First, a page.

“No wonder development land is the third most popular pick for property investment this year for UHNWIs.”


Lots of loot in London

The US dominates in the index’s wealth category, which measures the number of UHNWI and high-net-worth individuals’ (HNWIs) dwellers in a city. New York takes the top spot globally, with 7,743 individuals with a net worth of $30m (£21.1m) or more.

But while the Big Apple is home to more of the ultra-rich, London leads in terms of the total number of HNWI dwellers, with more than 870,000 millionaires.

London also claims top spot for the largest number of “prime” homes in each city, with more than 68,000 properties worth £2m or more. Dubai is in second place (42,356 homes), with Sydney (27,436 homes) coming third.



Location, location, location

According to the wealth report, 26% of UHNWIs worldwide are planning to buy a new home in 2021 – up from 21% in 2020. This increased demand is expected to help fuel price rises of up to 7% in key markets over the course of the year.

“Demand is especially strong for rural and coastal properties, with access to open space being the most highly desired feature,” said research chief Bailey. “The pandemic is super-charging demand for locations that offer a surfeit of wellness – think mountains, lakes, and coastal hot-spots. Demand will help fuel price rises of up to 7% for our key markets this year.” 

Auckland leads Knight Frank’s Prime International Residential Index, with price rises of 18% in 2020. The surge in demand is attributed to New Zealand’s much-praised Covid-19 response and rapid economic recovery, along with ultra-low mortgage rates and a limited supply of available properties. Asian cities occupy the next three rankings in the index, with Shenzhen (+13%), Seoul (+12%) and Manila (+10%).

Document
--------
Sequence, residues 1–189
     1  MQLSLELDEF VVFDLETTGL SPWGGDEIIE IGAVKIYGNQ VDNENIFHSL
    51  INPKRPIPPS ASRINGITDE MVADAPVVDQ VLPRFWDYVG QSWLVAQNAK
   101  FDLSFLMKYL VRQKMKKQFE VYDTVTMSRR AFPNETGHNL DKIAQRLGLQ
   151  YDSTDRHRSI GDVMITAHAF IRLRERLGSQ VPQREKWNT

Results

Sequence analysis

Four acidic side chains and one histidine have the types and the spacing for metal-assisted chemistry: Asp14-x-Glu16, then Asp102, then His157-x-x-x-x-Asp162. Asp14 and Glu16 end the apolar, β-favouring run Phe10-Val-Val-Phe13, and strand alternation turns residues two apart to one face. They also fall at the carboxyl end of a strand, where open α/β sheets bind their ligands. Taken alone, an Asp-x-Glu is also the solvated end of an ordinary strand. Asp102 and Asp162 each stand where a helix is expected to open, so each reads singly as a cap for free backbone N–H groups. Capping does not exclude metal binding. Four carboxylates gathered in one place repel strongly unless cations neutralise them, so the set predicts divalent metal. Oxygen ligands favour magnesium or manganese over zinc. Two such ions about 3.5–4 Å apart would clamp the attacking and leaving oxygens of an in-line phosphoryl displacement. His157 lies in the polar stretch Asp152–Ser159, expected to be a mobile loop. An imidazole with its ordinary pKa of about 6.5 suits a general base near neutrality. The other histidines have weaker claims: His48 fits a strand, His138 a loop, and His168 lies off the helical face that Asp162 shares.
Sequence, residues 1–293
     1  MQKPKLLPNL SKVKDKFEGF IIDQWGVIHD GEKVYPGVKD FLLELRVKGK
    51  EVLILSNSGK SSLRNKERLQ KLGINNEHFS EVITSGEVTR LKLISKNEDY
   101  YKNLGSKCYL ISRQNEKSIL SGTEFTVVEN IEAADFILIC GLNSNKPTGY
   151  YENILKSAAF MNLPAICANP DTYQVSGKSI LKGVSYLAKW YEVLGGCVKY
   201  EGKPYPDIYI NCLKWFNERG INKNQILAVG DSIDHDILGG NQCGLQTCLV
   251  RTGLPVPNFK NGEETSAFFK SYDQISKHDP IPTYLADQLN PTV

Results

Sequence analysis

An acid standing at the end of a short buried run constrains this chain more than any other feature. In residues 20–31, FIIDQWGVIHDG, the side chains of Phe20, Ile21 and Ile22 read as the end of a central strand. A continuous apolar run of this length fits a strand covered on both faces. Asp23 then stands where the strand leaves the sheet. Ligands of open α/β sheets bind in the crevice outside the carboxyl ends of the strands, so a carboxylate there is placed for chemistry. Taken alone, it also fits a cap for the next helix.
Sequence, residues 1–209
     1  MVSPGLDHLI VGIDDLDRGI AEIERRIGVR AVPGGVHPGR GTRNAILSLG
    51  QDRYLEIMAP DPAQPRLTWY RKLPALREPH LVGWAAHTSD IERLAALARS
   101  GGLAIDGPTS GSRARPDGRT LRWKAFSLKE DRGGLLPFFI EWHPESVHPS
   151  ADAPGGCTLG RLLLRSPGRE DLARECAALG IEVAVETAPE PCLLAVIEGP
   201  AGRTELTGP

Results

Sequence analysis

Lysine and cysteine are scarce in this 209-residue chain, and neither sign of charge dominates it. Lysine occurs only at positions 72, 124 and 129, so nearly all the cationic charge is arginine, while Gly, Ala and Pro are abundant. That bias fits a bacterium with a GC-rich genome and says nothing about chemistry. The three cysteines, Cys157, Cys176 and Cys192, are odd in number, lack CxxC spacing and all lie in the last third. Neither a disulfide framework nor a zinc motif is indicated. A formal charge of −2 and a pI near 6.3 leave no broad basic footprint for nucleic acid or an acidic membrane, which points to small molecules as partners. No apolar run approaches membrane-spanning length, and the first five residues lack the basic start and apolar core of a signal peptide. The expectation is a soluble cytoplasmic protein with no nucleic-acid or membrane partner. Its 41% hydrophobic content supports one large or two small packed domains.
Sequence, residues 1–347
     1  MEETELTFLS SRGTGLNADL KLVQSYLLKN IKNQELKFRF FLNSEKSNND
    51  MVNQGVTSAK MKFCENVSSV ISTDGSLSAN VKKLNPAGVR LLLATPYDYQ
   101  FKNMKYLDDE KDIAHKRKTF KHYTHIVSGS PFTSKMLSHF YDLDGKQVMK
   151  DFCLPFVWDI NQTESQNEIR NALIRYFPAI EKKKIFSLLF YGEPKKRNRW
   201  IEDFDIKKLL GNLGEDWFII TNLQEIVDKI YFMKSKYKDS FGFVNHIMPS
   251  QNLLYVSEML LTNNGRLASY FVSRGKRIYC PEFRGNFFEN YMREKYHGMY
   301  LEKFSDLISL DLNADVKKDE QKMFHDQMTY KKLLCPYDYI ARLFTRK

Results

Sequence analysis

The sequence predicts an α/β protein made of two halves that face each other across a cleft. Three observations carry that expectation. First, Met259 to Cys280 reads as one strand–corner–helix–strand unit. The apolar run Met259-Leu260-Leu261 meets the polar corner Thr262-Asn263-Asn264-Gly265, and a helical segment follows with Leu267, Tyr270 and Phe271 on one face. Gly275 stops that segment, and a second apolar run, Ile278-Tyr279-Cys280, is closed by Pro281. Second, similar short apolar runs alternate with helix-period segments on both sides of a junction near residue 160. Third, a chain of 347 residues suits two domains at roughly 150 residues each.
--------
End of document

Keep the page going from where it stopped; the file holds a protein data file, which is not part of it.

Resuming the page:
Banking on bricks and mortar

Private capital investors have shrugged off the pandemic to continue pumping cash into the commercial real-estate market. The volume of private capital invested globally last year was $232bn (£163.7m) – 9% above the ten-year average, albeit down on 2019 levels. And a Knight Frank attitudes survey reveals that a quarter of UHNWIs plan to invest in commercial real estate assets in 2021. 

Alex James, the estate agent’s head of private client commercial advisory, said: “Commercial real estate provides investors with a relatively high yielding stable income return, the potential for capital value growth and diversification. These are all key drivers in preserving wealth for future generations and protecting against the impact of the global pandemic.

“While the pandemic has impacted the way we live, work and do business, there is renewed optimism in 2021 that as travel restrictions reduce and the rollout of the vaccination programs reaches advanced stages, private capital will look to increase its exposure in familiar markets and focus on sectors with strong long-term fundamentals.”

The US ($141.7bn/£100bn), Germany ($11.1bn/£7.84bn) and the UK ($10.6bn/£7.48bn) were the top three countries for private capital real estate investments in 2020.